XenDesktop 7 is available in VDI, App, Enterprise and Platinum edition of which only the App Edition is (or was) new. You can choose to buy per-user, per-device or concurrent licenses. User licensing gives users access to their virtual desktops and apps from an unlimited number of devices. Device licensing gives an unlimited number of users access to their virtual desktops and apps from a single device. Concurrent licenses are tied to a session, not to a specific user or device. It works like this, as per Citrix: When a user launches a session, a license is checked out to that session. When a user logs off from a session, the license server checks the license back in the pool, making it available for another user.
App Edition has recently been added to the XenDesktop portfolio. XD7 App Edition, which is basically a replacement for XenApp, lets you publish Hosted Shared Desktops as well as Applications and it also supports App-V delivery for off-line applications. If you own XenApp 6.5 Enterprise or Platinum licenses and have a valid Subscription Advantage then it’s offered free of charge. It can be installed alongside your existing XenApp environment (production). This way you can make use of the newly added XenDesktop 7 HDX functionality and also provision Windows Server 2012 Hosted Shared Desktops next to your existing XenApp 6.5 Farm (which doesn’t support 2012). Simply configure Web Interface or StoreFront (a central portal used to present you with your applications and or desktops) accordingly and you’ll have access to both environments from one interface. From there, you can always upgrade to one of the other XD7 editions whenever you want, giving you full access to the HDX feature set and the FlexCast delivery suite (a suite of delivery methods used to deliver an application or desktop to your users, out of scope for now). However, XenApp 6.5 Advanced license owners are out of luck, they simply need to pay. Note that, as I already highlighted, the XenDesktop App Edition will eventually be replaced by one of the new XenApp 7.5 editions, probably the Enterprise edition.
Monitoring and analysis
Depending on the edition you purchase, you’ll get additional analysis and monitoring functionality. First is the Citrix Director, which is a real time web based tool used primarily by Helpdesk and/or Call center Agents, is included with every edition. It offers you real time assessment and troubleshooting capabilities, like live health monitoring of your XenDesktop 7 Site. It also includes a new troubleshooting dashboard allowing you to see on a per-minute scale if any failures have occurred. It also includes Filtered views, Trends views and a Help Desk view.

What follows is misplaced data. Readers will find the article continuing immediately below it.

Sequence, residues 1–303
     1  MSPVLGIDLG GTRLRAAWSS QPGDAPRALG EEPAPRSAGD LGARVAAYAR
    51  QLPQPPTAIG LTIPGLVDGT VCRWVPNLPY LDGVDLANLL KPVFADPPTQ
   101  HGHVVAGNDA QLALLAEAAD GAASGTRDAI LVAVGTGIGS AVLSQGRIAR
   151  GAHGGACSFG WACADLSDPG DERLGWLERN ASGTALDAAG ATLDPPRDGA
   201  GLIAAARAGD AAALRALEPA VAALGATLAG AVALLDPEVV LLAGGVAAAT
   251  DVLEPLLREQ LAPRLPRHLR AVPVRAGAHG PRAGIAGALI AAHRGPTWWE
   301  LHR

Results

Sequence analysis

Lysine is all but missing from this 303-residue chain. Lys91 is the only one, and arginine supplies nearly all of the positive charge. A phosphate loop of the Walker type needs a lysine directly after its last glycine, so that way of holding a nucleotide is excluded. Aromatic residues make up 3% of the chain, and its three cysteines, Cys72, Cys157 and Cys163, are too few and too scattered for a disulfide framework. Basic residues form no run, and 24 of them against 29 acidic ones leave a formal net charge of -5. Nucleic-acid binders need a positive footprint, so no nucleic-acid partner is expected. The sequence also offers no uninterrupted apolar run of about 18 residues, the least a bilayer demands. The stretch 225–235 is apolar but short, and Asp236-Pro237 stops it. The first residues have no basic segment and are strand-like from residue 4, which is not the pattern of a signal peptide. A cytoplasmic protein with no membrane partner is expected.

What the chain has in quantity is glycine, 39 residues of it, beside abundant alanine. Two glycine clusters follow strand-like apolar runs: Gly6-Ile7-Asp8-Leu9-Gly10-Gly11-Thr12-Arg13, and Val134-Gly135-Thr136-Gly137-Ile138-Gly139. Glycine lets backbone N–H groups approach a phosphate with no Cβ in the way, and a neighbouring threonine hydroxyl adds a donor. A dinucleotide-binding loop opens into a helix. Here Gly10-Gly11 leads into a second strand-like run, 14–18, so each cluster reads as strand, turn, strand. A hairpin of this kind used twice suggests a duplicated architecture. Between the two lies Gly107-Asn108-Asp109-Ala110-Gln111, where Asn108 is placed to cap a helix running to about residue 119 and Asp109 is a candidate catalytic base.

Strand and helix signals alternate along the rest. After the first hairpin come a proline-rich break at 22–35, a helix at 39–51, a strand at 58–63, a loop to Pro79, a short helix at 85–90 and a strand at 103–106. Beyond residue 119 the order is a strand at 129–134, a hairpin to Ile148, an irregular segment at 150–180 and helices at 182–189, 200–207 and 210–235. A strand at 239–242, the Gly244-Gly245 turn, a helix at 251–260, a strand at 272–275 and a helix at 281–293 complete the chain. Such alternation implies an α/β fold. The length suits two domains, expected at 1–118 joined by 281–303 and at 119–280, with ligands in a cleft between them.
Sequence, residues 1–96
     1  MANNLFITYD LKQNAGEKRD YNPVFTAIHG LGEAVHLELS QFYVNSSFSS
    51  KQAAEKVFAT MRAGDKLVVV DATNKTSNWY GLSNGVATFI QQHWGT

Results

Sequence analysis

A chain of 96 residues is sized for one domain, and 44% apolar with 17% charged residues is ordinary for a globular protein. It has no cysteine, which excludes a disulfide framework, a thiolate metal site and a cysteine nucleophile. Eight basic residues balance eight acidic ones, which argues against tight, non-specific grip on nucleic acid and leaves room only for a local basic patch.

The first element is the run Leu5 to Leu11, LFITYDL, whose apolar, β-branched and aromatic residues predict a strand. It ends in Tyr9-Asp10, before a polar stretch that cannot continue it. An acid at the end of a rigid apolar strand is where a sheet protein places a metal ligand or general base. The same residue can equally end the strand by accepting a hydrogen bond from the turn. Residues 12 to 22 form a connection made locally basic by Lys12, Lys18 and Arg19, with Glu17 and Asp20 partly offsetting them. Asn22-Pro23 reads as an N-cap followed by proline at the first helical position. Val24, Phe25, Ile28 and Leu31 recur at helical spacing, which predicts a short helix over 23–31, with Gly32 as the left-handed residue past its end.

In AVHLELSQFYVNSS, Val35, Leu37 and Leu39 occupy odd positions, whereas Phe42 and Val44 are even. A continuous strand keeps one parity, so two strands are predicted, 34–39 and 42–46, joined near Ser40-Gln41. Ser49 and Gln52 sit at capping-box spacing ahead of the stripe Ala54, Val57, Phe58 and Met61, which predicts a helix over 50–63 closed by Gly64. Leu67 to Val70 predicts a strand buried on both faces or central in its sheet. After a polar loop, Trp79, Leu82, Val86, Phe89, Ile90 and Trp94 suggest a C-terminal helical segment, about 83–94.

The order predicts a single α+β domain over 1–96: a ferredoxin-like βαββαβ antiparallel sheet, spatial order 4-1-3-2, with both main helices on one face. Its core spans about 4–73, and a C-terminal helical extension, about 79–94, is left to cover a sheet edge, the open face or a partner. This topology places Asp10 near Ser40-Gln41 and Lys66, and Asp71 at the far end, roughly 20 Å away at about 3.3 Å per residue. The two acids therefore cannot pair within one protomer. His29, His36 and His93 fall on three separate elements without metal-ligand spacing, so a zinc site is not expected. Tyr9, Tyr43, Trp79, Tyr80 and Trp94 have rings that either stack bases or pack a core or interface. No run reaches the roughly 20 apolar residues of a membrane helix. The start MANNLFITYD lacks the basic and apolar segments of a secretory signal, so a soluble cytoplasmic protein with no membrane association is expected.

Citrix Director includes something called; EdgeSight technology. EdgeSight used to be a separate product offering advanced monitoring and load testing capabilities. As of XenDesktop 7, it’s now offered as an integrated service which can be ‘activated’ with the proper licenses in place. You will need a XenDesktop 7 Platinum license to make use of the EdgeSight functionality. It will offer advanced performance management together with network analysis capabilities. As far as performance management goes, this will give you up to a full year of monitoring data to collect and store. It needs a SQL database for this. Besides that, if you want to make use of the network analysis feature and you have a NetScaler (you must have this in place, otherwise it won’t be available) set up, you will also need a NetScaler Enterprise or Platinum license. Depending on your NetScaler license you can respectively store either 60 minutes or unlimited network data from your NetScaler appliance, to sum it up:
- * All editions: Director – real-time monitoring and basic troubleshooting (7 days of data)
- * XD7 Platinum: EdgeSight performance management feature – includes historical monitoring (up to a full year of data through the monitoring SQL database)
- * XD7 Platinum + NetScaler Enterprise: EdgeSight performance management and network analysis – includes 60 minutes of network data
- * XD7 Platinum + NetScaler Platinum: EdgeSight performance management and network analysis – includes unlimited network data
A final word
Now that we’re finally used to XenDesktop 7, sort of anyway, they already announced the return of XenApp. XenApp and XenDesktop 7.5 will both be released in March of 2014. Don’t worry, not much has changed, all of the above still applies. Both XenApp and XenDesktop are still based and built on the underlying FMA architecture and, from a technical point of view, the only thing that has been added is the Hybrid Cloud Provisioning feature, a subject I will discuss in one of my upcoming articles. They’ll also throw in a free copy of XenMobile MDM if you purchase XA or XD Platinum licenses and a 20% discount on the XenMobile Enterprise edition as well.
Next to that, Platinum license owners can also make use of the full App-DNA feature set as an additional bonus. Again, in one of my future articles, I’ll discuss both XA and XD 7.5 in more detail. For now just now, most (the biggest part anyway) of the above will also apply to both xenApp and XenDesktop 7.5, including the Director and EdgeSight functionality. It also means if XenApp 6.5, or an earlier version, is all you know, a lot has changed, IMA is very different from FMA. So even though XenApp and XenDesktop are going to be separate products, again, this doesn’t change the way both products function and the features they deliver. If you get the above, you’re fine!